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Reckless ( #1)

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There is a mirror, in a dusty room of a nearly forgotten house. But it is no ordinary mirror. Behind it lie the lands of the Mirrorworld, a place of danger. Jacob Reckless has been trespassing it’s borders ever since he was a boy, reaping its secrets and its treasures. But then the unthinkable happens. Jacob’s brother, Will, finds the Mirror. And presses his hand against the glass, opening the gateway. And on the other side, The Dark Fairy waits, ready to strike, ready to infect him with a curse that will turn his skin to Jade. He will become a Goyl, a stone-skinned, and he will serve their King…

Reckless is Cornelia Funke’s first fantasy novel since she completed the Inkworld Trilogy, and it is has certainly been worth the wait. Reckless is Funke doing what she does best; writing magical, romantic, beautiful fantasy novels.

It follows the journey Jacob Reckless undertakes as he tries to free his brother from a curse that will turn him into a Goyle, a stone-skinned being. Set in the Mirrorworld, it is a story full of adventure, romance and despair. Reckless is the story of the love between brothers, lovers and races; of new-found love, anguish and betrayal.

Having been a fan of Cornelia Funke’s critically acclaimed fantasy trilogy, I was eager to read Reckless. Everything from the cover to the blurb told me this would be a thrilling novel. And it is.

The Mirrorworld is supposedly inspired by the Grimm’s Fairy Tales. Having never read the original works by the Brothers Grimm, I cannot say how much is original, although I suspect that most of it is. What I can say, however, is that the Mirrorworld is a unique, fairy-tale-esque world, and that the level of detail, thought and care that has gone into creating this wonderful world is on par with that of the Inkworld Trilogy, and thus some of the best from contemporary writers.

Unlike most modern fantasies, Cornelia Funke has always been heavily influenced by fairy tale and folk lore when it came to creating her fantasy worlds. Having this fairy tale element gives her books a very unique feel; an almost pristine world, a world of beauty and wonder, but most importantly, a world of deception and lies, and Reckless is no different. Mirrorworld is described beautifully; almost romantically; but beneath these veils lie a dangerous world, where the darkness lurks and waits. Without a doubt, Mirrorworld is one of my favourite fantasy worlds.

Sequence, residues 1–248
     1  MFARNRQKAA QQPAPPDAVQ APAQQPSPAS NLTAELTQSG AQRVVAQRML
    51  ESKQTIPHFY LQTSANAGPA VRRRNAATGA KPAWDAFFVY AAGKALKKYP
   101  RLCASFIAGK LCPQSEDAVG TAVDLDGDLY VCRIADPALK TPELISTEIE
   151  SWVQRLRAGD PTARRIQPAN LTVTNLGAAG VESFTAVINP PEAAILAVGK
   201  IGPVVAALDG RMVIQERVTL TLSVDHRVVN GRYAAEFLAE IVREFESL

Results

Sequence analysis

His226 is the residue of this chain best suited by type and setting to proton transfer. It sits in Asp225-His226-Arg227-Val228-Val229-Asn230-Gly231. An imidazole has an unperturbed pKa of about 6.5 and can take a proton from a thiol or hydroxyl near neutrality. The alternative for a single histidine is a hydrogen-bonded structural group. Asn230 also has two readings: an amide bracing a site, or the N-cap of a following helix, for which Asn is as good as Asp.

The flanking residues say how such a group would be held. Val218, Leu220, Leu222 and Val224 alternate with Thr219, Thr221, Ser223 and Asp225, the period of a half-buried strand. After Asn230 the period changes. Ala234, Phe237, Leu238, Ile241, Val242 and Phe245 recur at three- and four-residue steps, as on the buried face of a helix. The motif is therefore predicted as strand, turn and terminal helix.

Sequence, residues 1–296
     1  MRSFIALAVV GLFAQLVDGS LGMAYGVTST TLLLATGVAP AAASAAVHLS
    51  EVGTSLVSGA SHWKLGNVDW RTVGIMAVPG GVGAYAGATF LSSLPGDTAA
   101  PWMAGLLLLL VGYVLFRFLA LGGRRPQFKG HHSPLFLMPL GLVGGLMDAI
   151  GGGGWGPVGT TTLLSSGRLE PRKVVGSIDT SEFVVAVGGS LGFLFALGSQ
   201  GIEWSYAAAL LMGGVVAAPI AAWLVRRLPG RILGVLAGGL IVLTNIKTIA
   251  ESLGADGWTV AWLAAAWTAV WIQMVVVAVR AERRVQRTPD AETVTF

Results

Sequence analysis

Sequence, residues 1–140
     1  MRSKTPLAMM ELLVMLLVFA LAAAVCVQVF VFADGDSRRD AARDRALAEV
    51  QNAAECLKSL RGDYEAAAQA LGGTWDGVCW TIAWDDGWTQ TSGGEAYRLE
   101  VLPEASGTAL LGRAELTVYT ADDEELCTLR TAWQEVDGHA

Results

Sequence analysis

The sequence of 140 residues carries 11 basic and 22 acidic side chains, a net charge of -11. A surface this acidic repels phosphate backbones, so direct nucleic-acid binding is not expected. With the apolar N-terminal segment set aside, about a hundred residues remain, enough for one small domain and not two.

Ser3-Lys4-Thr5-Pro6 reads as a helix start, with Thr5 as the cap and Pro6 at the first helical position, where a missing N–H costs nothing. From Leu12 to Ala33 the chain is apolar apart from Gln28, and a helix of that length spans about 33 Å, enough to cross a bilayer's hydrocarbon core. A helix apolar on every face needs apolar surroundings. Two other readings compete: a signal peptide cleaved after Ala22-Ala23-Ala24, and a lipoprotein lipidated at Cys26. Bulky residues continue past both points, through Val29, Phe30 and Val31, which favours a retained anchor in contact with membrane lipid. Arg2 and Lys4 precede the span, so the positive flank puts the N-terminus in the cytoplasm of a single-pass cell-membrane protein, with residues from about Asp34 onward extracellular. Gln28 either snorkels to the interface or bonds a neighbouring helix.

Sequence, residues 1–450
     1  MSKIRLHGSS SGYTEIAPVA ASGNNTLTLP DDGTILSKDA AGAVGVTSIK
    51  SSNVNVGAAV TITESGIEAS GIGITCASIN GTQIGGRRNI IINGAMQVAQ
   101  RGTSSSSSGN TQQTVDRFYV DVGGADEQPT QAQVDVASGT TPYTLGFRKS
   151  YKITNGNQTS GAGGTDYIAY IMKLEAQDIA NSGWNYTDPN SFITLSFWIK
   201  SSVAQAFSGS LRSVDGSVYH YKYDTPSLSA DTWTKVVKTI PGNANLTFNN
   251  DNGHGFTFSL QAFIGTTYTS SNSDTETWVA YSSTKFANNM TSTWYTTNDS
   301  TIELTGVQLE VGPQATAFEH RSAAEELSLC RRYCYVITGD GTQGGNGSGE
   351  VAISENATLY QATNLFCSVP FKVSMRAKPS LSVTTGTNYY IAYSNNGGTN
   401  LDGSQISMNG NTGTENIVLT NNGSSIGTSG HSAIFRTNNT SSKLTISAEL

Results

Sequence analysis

Cornelia Funke chose a very interesting perspective when she wrote Reckless; for she wrote Jacob as her main character. It was a brave thing to do- Jacob has not time for love, and sometimes he almost hates that he has to look after his brother. It would have made a fascinating book if Will had been the main character of Reckless; his sudden anger and transformation would have made it very easy for Funke to write about, and would have made a wonderfully deep character. But this book isn’t about Will; it’s about Jacob, and Funke has Jacob go through a very interesting character arc that, though extremely subtle, is highly effective. From reading the book, I get the impression that Reckless is not about the world, or the story (although these are fantastic), but about Jacob, and his love for his brother; the love, that at first is almost hateful love, but becomes stronger and stronger. For me, this was the purpose of the book, and I loved it that way, I loved the subtlety and the growing, the changing of him.

I only have one problem with Reckless, and that is the very last chapter. Without giving too much away, I felt it was anti-climactic, and I felt slightly cheated; the whole book had been working up to this moment, and all of a sudden it all become easy. In some aspects, [SPOILER AHEAD!] I would have preferred Will to stay Goyl; as a consequence; I think it would really have brought out more of Jacob’s emotions. [SPOILER OVER!]

I can’t really comment of Funke’s writing style, since I read it in English and it was originally written in German, but it’s written in a wonderfully descriptive way, that doesn’t explain the nuances of the Mirrorworld; something I like. Funke presents us the magical aspect, but there isn’t a need to explain it; the fairy-tale side almost requires it to say that “it just is”, and sometimes, “it just is” is better than trying to explain everything. The way Reckless is written is almost artistic; beautifully so, which isn’t surprising as Funke is an illustrator (Reckless is filled with her wonderful drawings). Some sentences are clunky, but I think this is more down to translation than anything else.

Cornelia Funke has managed it again; Reckless is a wonderful tale, brimming with emotions, and set in a wonderfully thought out world. Two years have I been waiting for Funke to again delight me with another of her fantasy novels, and she has not disappointed. I can say that it was worth the wait; I just hope that she continues writing novels like this; fairy-tales for the modern reader.

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